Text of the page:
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Uncategorized

Monday, January 27, 2014 – Sniffing Out Weakness

Sniffing Out Weakness by Sinclair Noe DOW – 41 = 15,837SPX – 8 = 1781NAS – 44 = 408310 YR YLD + .04 = 2.76%OIL – .94 = 95.70GOLD – 12.50 = 1257.50SILV – .22 = 19.79 Last week was rough for the Dow Industrial, and today started with the blue chips in the red but not by much; it even looked like we might finish in positive territory. Nahh. The markets have been trending downward over the last week due to a mix of concerns. Emerging market strains, anxiety over tapering by the Federal Reserve, and weak manufacturing data from China likely contributed to a pullback. Also, new home sales were weak in December. The international problems started with a report that Chinese manufacturing may contract for the first time in 6 months. Then Argentina’s central bank limited dollar sales to preserve international reserves that had fallen to a seven-year low. Then there were concerns about a default in the shadow banking system in China. Then there concerns about a corruption scandal for Prime Minister Erdogan’s cabinet in Turkey. Protesters occupied municipal buildings in the Ukraine. Then the South African rand dropped big. Then the whole thing spread. I don’t know what happened in Mexico but the peso took a hit. Bank of America analysts recommended buying the Mexican peso on Nov. 24 as one of their top two Japan-related trades for this year, predicting a rally that would have boosted the currency’s value to 8.4 yen. Instead, the …

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Thursday, January 02, 2014 – Back in the Groove

Back in the Groove by Sinclair Noe DOW – 135 = 16,441SPX – 16 = 1831NAS – 33 = 414310 YR YLD – .04 = 2.99%OIL – 2.93 = 95.49GOLD + 17.50 = 1224.00SILV + .57 = 20.11 I’m back. We’ll try to settle into the groove here, starting with a look at the daily economic news. Financial data firm Markit said its final US Manufacturing Purchasing Managers Index rose to 55.0 last month, beating November’s 54.7 reading. So, manufacturing ended the year on a high note, growing in December at the fastest pace in 11 months. Signs of strength in both the manufacturing and services sector as well as stronger job growth across the economy contributed to the Federal Reserve’s decision in December to begin tapering, slowing its monthly bond purchases. I had expected the Fed would wait to begin the taper. I was wrong. It wasn’t really a shocking development because we knew they would eventually taper, it was just a matter of timing. The taper hasn’t actually started yet, it’s only been announced. One area where we’re starting to see some impact is in mortgage rates, now at the highest levels since September. The average rate for a 30-year fixed mortgage was 4.53% this week, up from 4.48%. And Freddie Mac also reports the average 15-year fixed rate climbed to 3.55% from 3.52%. While a jump in mortgage rates has slowed demand, buyers continued to push prices higher. According to the most recent S&P/Case-Shiller home price index, …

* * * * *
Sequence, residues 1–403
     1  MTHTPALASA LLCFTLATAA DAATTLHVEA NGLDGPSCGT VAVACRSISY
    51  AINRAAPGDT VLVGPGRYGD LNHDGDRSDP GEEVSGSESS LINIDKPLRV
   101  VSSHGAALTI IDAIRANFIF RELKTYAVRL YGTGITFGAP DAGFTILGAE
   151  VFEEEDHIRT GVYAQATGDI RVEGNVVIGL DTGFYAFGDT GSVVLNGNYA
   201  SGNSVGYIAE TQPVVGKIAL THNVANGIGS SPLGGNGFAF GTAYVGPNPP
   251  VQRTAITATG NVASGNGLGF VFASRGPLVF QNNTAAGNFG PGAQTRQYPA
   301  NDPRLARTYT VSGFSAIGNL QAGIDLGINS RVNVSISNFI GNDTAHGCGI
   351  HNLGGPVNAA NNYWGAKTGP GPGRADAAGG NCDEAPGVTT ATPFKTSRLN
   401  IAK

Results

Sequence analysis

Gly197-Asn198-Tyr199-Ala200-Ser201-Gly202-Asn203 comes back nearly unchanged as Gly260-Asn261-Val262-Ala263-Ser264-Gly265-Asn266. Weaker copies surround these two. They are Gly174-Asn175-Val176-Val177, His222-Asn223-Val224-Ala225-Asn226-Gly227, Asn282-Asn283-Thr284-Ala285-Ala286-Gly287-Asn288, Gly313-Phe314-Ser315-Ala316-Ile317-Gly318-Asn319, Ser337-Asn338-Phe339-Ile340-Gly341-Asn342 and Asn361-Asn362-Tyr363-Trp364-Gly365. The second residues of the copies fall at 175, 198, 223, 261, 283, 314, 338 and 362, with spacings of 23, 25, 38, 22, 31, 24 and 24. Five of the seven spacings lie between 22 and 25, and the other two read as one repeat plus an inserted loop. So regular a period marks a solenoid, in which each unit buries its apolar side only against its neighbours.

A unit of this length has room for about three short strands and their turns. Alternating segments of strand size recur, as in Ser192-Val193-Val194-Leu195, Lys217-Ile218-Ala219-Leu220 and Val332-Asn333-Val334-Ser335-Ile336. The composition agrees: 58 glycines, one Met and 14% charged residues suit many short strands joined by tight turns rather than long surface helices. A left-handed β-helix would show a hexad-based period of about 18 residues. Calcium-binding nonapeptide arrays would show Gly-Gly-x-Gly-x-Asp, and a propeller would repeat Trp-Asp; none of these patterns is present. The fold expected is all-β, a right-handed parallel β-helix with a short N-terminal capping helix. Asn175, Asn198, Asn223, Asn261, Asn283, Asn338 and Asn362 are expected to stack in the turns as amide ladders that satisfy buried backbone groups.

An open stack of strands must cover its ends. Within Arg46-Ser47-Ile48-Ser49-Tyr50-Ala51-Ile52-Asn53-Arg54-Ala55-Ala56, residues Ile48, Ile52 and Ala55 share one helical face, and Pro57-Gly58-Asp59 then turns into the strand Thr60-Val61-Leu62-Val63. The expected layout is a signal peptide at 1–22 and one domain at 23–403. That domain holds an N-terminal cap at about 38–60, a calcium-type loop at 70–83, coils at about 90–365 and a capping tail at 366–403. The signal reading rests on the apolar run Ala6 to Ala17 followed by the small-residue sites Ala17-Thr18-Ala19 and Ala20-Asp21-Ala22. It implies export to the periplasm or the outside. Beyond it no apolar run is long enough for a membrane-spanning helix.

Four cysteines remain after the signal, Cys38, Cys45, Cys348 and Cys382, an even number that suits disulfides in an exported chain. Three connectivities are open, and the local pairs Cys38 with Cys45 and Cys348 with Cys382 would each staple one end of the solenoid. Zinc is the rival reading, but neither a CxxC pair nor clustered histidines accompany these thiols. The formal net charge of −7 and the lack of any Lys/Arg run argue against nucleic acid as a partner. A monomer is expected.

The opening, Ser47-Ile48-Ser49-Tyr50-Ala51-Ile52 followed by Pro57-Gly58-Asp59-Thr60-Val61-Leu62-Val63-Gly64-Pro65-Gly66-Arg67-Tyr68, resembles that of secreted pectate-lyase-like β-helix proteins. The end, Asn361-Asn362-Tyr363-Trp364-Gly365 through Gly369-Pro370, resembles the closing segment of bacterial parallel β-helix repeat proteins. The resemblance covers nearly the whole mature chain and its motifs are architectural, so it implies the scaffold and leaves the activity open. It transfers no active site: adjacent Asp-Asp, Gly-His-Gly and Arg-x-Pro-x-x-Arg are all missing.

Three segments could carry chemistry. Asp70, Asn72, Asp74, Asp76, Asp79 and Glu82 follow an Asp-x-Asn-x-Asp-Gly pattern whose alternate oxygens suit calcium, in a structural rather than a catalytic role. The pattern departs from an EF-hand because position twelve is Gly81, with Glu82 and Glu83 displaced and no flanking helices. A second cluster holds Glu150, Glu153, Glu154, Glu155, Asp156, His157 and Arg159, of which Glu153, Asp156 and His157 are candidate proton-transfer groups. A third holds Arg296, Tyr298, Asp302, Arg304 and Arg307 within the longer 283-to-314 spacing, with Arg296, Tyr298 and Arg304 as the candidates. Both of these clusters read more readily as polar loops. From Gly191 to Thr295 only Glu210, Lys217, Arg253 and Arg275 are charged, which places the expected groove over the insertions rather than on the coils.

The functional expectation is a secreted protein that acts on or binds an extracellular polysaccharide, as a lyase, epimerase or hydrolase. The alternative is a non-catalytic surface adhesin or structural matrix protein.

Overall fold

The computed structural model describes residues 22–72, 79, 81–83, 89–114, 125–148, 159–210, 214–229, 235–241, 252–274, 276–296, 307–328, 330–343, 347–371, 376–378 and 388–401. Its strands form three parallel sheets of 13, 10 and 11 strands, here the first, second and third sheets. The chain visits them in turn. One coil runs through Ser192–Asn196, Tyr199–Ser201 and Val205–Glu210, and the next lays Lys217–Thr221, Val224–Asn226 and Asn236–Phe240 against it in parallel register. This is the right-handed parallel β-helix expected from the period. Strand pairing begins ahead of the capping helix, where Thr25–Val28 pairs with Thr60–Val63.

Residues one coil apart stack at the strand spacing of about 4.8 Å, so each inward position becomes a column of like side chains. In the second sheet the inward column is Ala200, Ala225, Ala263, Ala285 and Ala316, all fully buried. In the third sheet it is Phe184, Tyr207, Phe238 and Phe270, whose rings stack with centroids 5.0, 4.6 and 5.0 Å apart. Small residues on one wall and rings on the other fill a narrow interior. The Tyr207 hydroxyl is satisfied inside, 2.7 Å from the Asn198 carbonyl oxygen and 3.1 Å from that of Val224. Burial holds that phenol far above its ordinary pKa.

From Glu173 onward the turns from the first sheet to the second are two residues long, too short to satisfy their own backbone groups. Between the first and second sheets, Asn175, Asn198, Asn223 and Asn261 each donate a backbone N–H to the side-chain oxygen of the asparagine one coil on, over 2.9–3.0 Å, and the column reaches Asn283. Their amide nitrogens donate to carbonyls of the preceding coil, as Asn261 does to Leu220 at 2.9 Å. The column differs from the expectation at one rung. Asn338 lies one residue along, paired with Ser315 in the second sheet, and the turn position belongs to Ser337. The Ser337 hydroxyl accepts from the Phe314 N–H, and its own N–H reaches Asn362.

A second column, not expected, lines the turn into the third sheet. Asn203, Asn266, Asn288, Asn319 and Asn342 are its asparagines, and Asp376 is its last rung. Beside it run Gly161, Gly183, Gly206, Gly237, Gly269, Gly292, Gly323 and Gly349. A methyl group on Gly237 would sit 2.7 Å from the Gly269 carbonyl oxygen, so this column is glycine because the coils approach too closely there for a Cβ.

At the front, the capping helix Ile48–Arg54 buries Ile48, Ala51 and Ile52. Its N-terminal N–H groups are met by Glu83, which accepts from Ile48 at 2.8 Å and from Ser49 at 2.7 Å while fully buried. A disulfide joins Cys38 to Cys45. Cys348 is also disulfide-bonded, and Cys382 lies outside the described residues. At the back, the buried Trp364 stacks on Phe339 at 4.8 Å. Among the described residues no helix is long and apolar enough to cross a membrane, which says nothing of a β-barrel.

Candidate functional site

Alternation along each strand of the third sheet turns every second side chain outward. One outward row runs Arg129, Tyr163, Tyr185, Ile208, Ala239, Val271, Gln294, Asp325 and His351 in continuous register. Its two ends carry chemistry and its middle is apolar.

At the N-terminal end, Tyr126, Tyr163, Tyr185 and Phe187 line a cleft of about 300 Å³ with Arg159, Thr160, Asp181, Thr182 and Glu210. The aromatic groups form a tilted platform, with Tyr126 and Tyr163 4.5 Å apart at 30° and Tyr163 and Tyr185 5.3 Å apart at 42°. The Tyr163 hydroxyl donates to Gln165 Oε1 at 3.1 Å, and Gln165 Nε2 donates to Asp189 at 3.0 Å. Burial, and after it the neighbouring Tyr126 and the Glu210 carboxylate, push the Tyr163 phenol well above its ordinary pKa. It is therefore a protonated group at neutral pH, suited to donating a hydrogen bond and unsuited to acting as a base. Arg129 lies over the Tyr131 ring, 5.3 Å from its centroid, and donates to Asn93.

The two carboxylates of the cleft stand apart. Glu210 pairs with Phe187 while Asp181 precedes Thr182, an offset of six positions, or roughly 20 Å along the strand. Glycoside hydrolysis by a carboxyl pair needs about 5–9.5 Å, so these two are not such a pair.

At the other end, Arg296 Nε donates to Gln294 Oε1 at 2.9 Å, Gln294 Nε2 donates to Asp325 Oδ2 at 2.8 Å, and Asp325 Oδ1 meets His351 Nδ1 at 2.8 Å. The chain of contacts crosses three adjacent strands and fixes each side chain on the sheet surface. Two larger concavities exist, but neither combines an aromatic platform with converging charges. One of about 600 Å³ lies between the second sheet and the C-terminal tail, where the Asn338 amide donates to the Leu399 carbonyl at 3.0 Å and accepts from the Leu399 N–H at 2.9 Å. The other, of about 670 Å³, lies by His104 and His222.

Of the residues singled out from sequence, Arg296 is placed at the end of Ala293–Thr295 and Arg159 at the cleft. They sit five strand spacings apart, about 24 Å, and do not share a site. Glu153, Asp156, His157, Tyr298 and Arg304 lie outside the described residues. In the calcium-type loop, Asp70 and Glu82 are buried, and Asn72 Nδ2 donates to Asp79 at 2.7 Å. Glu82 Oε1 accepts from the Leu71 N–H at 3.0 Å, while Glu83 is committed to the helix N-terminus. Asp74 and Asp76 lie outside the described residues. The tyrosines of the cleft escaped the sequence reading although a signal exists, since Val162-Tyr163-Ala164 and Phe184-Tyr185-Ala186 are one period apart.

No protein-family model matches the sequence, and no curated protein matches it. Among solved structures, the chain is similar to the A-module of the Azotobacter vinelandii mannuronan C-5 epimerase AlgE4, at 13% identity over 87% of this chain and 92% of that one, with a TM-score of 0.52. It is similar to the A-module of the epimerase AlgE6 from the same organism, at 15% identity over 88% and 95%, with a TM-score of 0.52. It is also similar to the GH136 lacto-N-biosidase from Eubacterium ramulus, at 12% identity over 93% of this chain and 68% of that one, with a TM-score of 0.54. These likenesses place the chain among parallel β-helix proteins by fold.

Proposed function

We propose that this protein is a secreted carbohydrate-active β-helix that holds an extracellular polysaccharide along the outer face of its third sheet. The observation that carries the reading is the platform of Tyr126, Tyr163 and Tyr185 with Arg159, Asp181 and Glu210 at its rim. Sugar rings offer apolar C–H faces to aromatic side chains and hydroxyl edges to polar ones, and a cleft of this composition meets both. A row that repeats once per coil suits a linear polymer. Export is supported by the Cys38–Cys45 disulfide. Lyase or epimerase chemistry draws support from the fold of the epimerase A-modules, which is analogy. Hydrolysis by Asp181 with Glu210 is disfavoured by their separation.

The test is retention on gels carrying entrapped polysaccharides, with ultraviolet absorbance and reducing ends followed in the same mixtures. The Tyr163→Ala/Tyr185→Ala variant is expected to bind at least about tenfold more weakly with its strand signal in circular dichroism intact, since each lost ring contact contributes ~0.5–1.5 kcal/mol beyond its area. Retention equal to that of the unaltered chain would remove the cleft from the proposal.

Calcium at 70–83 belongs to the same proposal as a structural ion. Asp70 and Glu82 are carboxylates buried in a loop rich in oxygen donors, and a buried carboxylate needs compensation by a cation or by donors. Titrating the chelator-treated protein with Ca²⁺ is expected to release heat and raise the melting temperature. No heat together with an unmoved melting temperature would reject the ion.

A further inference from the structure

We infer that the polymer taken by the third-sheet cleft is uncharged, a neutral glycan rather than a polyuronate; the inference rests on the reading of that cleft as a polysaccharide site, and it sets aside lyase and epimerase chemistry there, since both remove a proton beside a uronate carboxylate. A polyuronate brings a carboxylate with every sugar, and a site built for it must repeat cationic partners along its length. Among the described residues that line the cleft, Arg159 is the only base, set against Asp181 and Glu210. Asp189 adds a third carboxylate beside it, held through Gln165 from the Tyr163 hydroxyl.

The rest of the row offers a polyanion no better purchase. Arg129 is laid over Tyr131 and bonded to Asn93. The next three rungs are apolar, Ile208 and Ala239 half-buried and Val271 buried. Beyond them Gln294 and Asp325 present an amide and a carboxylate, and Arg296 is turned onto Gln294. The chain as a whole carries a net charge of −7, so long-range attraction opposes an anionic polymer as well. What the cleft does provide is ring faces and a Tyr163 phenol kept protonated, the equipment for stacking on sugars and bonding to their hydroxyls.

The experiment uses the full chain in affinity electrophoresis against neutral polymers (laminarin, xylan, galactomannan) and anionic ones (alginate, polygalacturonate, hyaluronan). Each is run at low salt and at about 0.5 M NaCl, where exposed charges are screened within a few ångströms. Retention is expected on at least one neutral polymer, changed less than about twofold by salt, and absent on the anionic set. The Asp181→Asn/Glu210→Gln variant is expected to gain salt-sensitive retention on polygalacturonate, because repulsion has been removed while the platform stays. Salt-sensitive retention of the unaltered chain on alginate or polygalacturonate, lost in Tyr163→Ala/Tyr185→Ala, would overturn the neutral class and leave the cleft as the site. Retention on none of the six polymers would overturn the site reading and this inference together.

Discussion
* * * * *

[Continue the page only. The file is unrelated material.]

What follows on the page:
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Monday, January 7, 2013 – I Went on Vacation and Not Much Changed

I Went on Vacation and Not Much Changed by Sinclair Noe DOW – 50 = 13,384SPX – 4 = 1461NAS – 2 = 309810 YR YLD -.01 = 1.90%OIL + .21 = 93.30GOLD – 9.90 = 1647.90SILV – .02 = 30.26 Forty years ago, Yale Hirsch at the Stock Traders Almanac, created the January Barometer. The idea was simple: as the S&P 500 goes in January, so goes the year. This market prediction tool has been correct 89% of the time since 1950, suffering only seven major setbacks. Since 1950, stocks have finished lower for the year only three times after posting gains in January. When the Dow is positive in January, then the rest of the year is positive 83% of the time, averaging additional gains of 9.59%. Compare that to the Dow’s performance when January is negative. In those years, the February-December returns are positive just half of the time, with an average gain of 2.04%. As with the full-year results, a positive January typically leads to a positive February. When the Dow closes higher in January, February goes on to average a return of 0.57%, and is positive 63% of the time. When January is negative, February is negative more than half the time, and averages a loss of more than 1%. However, an outsized return in January has not necessarily translated into a bigger return for February. If January is up more than 3.5%, the average February gain is not as big as if January is …